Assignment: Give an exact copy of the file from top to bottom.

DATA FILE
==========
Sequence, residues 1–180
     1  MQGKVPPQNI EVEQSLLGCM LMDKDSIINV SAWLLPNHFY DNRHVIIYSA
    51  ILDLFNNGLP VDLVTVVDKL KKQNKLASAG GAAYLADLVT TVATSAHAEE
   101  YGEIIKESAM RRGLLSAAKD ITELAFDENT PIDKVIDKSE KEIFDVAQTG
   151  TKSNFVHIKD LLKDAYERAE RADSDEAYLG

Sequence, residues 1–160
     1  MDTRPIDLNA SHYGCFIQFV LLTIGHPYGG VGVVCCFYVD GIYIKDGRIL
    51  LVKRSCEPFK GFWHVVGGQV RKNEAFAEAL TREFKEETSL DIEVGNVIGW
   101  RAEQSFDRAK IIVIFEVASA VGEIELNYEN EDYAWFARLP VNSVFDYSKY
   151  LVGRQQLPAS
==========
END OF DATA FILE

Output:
Sequence, residues 1–180
     1  MQGKVPPQNI EVEQSLLGCM LMDKDSIINV SAWLLPNHFY DNRHVIIYSA
    51  ILDLFNNGLP VDLVTVVDKL KKQNKLASAG GAAYLADLVT TVATSAHAEE
   101  YGEIIKESAM RRGLLSAAKD ITELAFDENT PIDKVIDKSE KEIFDVAQTG
   151  TKSNFVHIKD LLKDAYERAE RADSDEAYLG

Sequence, residues 1–160
     1  MDTRPIDLNA SHYGCFIQFV LLTIGHPYGG VGVVCCFYVD GIYIKDGRIL
    51  LVKRSCEPFK GFWHVVGGQV RKNEAFAEAL TREFKEETSL DIEVGNVIGW
   101  RAEQSFDRAK IIVIFEVASA VGEIELNYEN EDYAWFARLP VNSVFDYSKY
   151  LVGRQQLPAS